Listed Building

The only legal part of the listing is the address/name of site. Addresses and building names may have changed since the date of listing – see ‘About Listed Buildings’ below for more information.

16 BOW STREET (PART, WITHIN CLOSE), MOIR OF LECKIE'S HOUSELB41240

Status: Designated

Documents

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Summary

Category
A
Date Added
04/11/1965
Local Authority
Stirling
Planning Authority
Stirling
Burgh
Stirling
NGR
NS 79414 93678
Coordinates
279414, 693678

Description

Probably mid 17th century, Venetian windows inserted early 18th century, renovated 1957-8. 3-storey and attic with vaulted ground floor, L-plan, town house. Harled with stone margins. Keystoned round-headed windows.

E (PRINCIPAL) ELEVATION: gabled bay to right of centre with 2 windows each to 1st and 2nd floors, smaller attic window to left and dominant gablehead stack. Bay to left of centre with door to right and small opening to left at ground, broad Venetian window to each floor above and base of oriel window breaking eaves in canted tripartite dormer.

S ELEVATION: broad advanced gable to right with full-width buttress at ground, corbelled to 2nd floor with round-headed window to outer left and attic window off-centre left above; return to left with door in re-entrant angle, window to each floor above and 2 smaller stair windows to right between floors. Recessed face to left with low door to right and window to left at ground, window to each floor above and piended dormerheaded window breaking eaves. Rebuilt forestair adjoining to outer left.

N ELEVATION: bays to right of centre with 2 windows to each floor; 3 windows above breaking eaves in piended dormerheads, that to centre slightly wider.

W ELEVATION: blank but with corbels projecting to outer right and left at 2nd floor.

8- and 12-pane glazing patterns in timber sash and case windows; round-headed windows with decorative astragals. Grey slate. Coped brick stacks, ashlar-coped skews and moulded skewputts.

Statement of Special Interest

In 1658 the Keir of Stirling building facing Bow Street was sold by Sir George Stirling to David Moir of Craigarnhall, thus lending weight to the presumed building date of mid 17th century. Billings, mentions the fine terraced E garden, and Small says that "the Moirs of Leckie were an important and influential family in Stirling for several generations". The other part of No 16 is listed with No 18 on Bow Street, as Erskine of Gogar's House.

References

Bibliography

J W Small OLD STIRLING (1897). Charles McKean RIAS Guide STIRLING AND THE TROSSACHS (1985). J S Fleming OLD LUDGINGS OF STIRLING (1897).

About Listed Buildings

Historic Environment Scotland is responsible for designating sites and places at the national level. These designations are Scheduled monuments, Listed buildings, Inventory of gardens and designed landscapes and Inventory of historic battlefields.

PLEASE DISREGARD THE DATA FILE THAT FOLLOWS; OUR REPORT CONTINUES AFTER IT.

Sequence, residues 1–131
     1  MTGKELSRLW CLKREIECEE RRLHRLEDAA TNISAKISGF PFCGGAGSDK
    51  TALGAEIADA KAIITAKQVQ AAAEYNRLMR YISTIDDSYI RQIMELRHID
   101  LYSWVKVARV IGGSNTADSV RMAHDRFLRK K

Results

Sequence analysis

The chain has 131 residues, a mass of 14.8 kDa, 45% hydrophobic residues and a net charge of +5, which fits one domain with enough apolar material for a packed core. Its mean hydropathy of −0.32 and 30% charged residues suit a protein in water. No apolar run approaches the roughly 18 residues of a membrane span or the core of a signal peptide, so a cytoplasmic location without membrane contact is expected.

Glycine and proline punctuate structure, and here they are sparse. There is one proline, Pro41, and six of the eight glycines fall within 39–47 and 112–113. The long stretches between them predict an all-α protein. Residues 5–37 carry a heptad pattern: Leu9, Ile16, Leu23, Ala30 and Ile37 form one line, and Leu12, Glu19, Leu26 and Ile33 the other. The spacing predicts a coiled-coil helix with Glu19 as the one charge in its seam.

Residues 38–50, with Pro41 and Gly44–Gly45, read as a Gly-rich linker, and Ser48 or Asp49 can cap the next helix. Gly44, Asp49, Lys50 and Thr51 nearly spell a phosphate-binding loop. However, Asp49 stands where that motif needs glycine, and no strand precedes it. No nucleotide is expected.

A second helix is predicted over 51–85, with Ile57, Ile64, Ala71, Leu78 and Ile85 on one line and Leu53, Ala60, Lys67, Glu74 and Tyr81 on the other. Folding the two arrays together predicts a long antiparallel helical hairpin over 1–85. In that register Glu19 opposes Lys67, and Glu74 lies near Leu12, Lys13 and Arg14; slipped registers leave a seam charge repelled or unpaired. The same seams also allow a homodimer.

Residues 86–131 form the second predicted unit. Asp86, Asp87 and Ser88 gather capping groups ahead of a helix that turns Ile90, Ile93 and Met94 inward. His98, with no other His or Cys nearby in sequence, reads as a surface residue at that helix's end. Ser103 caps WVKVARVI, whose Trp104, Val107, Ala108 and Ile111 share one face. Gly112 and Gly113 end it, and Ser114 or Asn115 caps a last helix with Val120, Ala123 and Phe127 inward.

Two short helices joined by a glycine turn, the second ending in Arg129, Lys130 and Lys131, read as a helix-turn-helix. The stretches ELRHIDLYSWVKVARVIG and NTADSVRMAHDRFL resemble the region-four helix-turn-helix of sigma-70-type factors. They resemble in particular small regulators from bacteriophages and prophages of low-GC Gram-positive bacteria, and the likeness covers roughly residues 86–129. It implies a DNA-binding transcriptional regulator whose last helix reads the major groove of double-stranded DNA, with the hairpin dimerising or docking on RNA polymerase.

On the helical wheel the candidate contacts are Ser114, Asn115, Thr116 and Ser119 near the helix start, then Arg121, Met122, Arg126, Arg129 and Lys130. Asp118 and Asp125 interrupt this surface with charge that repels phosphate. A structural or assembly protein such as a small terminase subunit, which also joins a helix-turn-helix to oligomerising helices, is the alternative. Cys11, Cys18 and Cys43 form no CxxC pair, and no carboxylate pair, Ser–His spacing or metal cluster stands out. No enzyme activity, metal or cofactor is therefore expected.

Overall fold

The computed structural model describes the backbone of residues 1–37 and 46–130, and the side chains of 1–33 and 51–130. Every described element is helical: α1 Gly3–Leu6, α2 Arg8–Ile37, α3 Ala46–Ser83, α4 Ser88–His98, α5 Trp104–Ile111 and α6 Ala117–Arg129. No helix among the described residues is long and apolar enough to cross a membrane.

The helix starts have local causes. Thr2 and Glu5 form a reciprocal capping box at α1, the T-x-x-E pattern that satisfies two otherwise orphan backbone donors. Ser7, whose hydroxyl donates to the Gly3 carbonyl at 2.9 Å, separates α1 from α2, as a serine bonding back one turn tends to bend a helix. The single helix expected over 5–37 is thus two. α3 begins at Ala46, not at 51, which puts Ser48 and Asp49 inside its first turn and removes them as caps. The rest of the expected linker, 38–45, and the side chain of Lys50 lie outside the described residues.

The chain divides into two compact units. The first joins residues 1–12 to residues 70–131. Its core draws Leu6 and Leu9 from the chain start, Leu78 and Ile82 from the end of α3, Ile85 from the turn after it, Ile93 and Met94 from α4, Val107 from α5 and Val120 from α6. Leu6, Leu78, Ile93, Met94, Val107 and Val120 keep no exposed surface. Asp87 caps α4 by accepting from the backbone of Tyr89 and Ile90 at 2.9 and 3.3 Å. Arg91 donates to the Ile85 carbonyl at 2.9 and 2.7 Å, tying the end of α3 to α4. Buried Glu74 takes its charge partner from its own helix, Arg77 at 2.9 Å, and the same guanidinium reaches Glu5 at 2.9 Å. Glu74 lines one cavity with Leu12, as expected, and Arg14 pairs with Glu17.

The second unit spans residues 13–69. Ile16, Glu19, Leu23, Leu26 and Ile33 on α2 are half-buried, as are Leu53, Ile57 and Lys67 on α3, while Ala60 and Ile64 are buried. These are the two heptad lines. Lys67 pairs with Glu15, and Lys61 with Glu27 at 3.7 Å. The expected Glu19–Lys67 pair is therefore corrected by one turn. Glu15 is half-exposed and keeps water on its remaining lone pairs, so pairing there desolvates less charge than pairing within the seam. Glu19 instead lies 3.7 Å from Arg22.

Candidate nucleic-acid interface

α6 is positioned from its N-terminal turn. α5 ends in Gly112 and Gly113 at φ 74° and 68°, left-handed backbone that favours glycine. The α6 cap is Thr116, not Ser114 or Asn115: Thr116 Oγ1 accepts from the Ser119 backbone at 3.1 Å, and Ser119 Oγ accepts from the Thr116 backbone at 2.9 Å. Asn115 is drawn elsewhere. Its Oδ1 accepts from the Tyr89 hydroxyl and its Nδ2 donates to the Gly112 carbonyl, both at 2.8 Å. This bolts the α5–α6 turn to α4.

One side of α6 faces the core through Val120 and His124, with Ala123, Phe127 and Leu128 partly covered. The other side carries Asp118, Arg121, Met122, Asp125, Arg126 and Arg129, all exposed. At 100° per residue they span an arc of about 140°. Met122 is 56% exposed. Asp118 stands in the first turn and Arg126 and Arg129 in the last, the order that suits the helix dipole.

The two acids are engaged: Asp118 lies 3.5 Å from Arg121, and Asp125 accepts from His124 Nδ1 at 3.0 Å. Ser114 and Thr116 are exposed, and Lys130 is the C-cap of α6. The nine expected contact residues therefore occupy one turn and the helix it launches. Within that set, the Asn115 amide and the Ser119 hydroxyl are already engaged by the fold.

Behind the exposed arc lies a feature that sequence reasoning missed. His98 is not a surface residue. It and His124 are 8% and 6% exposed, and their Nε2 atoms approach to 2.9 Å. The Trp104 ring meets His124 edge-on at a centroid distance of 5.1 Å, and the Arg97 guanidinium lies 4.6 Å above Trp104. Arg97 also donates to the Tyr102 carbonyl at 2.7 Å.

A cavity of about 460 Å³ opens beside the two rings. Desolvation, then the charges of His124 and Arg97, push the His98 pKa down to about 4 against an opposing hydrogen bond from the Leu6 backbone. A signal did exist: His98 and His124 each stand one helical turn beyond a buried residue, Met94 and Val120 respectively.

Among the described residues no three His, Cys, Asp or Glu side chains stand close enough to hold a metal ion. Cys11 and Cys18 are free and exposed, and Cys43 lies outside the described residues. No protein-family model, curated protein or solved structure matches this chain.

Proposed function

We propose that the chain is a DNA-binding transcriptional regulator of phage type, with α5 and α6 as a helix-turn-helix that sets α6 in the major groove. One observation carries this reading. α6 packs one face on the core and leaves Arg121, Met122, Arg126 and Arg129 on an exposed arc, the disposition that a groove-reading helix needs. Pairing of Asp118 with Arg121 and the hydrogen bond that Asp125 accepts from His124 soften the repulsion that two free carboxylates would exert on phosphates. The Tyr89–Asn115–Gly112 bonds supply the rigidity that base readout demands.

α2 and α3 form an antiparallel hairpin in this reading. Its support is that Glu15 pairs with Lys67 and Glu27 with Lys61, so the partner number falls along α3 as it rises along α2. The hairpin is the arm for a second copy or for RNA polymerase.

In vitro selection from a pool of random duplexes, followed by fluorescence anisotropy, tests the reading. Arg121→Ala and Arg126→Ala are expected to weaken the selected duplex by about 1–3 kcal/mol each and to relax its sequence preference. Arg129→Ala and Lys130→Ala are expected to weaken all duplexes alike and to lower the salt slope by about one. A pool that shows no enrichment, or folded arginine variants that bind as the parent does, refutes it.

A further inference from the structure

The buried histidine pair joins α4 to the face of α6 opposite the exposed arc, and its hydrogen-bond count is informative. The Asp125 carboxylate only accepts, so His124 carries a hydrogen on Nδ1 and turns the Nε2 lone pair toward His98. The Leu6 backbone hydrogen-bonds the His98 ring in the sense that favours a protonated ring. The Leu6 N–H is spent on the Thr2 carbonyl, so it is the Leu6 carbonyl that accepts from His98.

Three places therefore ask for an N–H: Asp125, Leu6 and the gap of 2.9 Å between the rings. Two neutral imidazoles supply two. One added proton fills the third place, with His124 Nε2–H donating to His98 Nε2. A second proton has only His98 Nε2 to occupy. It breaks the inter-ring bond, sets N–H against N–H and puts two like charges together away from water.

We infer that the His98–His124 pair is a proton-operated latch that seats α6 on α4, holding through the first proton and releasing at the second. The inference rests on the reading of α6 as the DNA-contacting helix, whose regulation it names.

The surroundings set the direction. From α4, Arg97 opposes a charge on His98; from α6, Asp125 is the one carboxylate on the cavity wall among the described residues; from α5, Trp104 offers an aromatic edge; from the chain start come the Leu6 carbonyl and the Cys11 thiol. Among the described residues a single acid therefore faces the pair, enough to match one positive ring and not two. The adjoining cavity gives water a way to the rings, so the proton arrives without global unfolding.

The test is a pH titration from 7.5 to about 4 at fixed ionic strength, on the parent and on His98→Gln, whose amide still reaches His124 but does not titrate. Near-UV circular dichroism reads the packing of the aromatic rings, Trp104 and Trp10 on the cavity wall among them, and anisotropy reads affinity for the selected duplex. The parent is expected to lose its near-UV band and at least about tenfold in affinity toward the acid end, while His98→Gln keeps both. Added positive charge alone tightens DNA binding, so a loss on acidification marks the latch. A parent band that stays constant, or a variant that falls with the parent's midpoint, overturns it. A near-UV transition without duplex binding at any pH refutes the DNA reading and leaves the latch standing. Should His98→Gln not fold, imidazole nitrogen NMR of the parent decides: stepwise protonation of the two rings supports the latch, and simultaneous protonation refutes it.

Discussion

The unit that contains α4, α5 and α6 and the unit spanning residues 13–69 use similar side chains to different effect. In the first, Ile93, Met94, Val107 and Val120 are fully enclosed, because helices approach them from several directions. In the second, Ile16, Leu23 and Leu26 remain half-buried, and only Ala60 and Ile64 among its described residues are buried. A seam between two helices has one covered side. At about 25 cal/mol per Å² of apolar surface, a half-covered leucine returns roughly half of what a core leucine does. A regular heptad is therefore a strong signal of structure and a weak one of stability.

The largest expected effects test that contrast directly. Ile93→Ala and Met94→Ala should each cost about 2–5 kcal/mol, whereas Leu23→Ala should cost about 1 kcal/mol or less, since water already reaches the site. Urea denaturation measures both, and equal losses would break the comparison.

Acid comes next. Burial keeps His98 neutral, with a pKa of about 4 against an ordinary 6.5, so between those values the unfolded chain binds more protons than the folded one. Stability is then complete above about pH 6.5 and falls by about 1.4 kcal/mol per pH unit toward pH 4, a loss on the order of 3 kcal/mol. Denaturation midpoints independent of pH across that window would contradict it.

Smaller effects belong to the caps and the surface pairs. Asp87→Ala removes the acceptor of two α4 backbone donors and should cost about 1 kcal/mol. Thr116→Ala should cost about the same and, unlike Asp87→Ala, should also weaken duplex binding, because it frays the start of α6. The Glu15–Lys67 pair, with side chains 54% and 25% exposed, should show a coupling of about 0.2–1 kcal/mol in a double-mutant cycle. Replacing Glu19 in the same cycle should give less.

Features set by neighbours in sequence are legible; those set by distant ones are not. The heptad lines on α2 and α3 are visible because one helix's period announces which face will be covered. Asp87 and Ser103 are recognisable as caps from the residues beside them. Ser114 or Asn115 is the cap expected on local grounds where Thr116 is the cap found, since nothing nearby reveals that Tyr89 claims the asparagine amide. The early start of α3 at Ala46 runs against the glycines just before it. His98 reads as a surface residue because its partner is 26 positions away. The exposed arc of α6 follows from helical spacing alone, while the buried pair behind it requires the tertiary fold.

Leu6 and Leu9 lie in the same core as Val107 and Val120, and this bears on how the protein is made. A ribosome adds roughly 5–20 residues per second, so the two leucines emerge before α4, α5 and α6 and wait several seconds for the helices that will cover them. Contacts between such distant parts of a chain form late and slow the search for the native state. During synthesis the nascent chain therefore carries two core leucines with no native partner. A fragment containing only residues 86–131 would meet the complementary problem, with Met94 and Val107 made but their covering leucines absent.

We make recommendations to the Scottish Government about historic marine protected areas, and the Scottish Ministers decide whether to designate.

Listing is the process that identifies, designates and provides statutory protection for buildings of special architectural or historic interest as set out in the Planning (Listed Buildings and Conservation Areas) (Scotland) Act 1997.

We list buildings which are found to be of special architectural or historic interest using the selection guidance published in Designation Policy and Selection Guidance (2019)

Listed building records provide an indication of the special architectural or historic interest of the listed building which has been identified by its statutory address. The description and additional information provided are supplementary and have no legal weight.

These records are not definitive historical accounts or a complete description of the building(s). If part of a building is not described it does not mean it is not listed. The format of the listed building record has changed over time. Earlier records may be brief and some information will not have been recorded.

The legal part of the listing is the address/name of site which is known as the statutory address. Addresses and building names may have changed since the date of listing. Even if a number or name is missing from a listing address it will still be listed. Listing covers both the exterior and the interior and any object or structure fixed to the building. Listing also applies to buildings or structures not physically attached but which are part of the curtilage (or land) of the listed building as long as they were erected before 1 July 1948.

While Historic Environment Scotland is responsible for designating listed buildings, the planning authority is responsible for determining what is covered by the listing, including what is listed through curtilage. However, for listed buildings designated or for listings amended from 1 October 2015, legal exclusions to the listing may apply.

If part of a building is not listed, it will say that it is excluded in the statutory address and in the statement of special interest in the listed building record. The statement will use the word 'excluding' and quote the relevant section of the 1997 Act. Some earlier listed building records may use the word 'excluding', but if the Act is not quoted, the record has not been revised to reflect subsequent legislation.

Listed building consent is required for changes to a listed building which affect its character as a building of special architectural or historic interest. The relevant planning authority is the point of contact for applications for listed building consent.

Find out more about listing and our other designations at www.historicenvironment.scot/advice-and-support. You can contact us on 0131 668 8914 or at designations@hes.scot.

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